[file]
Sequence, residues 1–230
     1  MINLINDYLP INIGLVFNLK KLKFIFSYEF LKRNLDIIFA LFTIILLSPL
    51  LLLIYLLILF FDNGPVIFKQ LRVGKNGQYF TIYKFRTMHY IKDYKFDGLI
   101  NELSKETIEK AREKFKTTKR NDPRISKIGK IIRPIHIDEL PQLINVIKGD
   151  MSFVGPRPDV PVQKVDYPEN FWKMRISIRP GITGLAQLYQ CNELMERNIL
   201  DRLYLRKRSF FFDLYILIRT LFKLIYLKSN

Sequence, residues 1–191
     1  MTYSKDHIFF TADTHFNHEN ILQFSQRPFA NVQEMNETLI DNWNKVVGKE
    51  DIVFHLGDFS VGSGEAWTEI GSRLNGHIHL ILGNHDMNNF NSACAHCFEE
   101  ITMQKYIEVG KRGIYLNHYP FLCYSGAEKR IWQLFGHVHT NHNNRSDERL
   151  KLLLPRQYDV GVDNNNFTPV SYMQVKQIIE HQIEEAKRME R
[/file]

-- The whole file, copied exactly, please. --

Sequence, residues 1–230
     1  MINLINDYLP INIGLVFNLK KLKFIFSYEF LKRNLDIIFA LFTIILLSPL
    51  LLLIYLLILF FDNGPVIFKQ LRVGKNGQYF TIYKFRTMHY IKDYKFDGLI
   101  NELSKETIEK AREKFKTTKR NDPRISKIGK IIRPIHIDEL PQLINVIKGD
   151  MSFVGPRPDV PVQKVDYPEN FWKMRISIRP GITGLAQLYQ CNELMERNIL
   201  DRLYLRKRSF FFDLYILIRT LFKLIYLKSN

Sequence, residues 1–191
     1  MTYSKDHIFF TADTHFNHEN ILQFSQRPFA NVQEMNETLI DNWNKVVGKE
    51  DIVFHLGDFS VGSGEAWTEI GSRLNGHIHL ILGNHDMNNF NSACAHCFEE
   101  ITMQKYIEVG KRGIYLNHYP FLCYSGAEKR IWQLFGHVHT NHNNRSDERL
   151  KLLLPRQYDV GVDNNNFTPV SYMQVKQIIE HQIEEAKRME R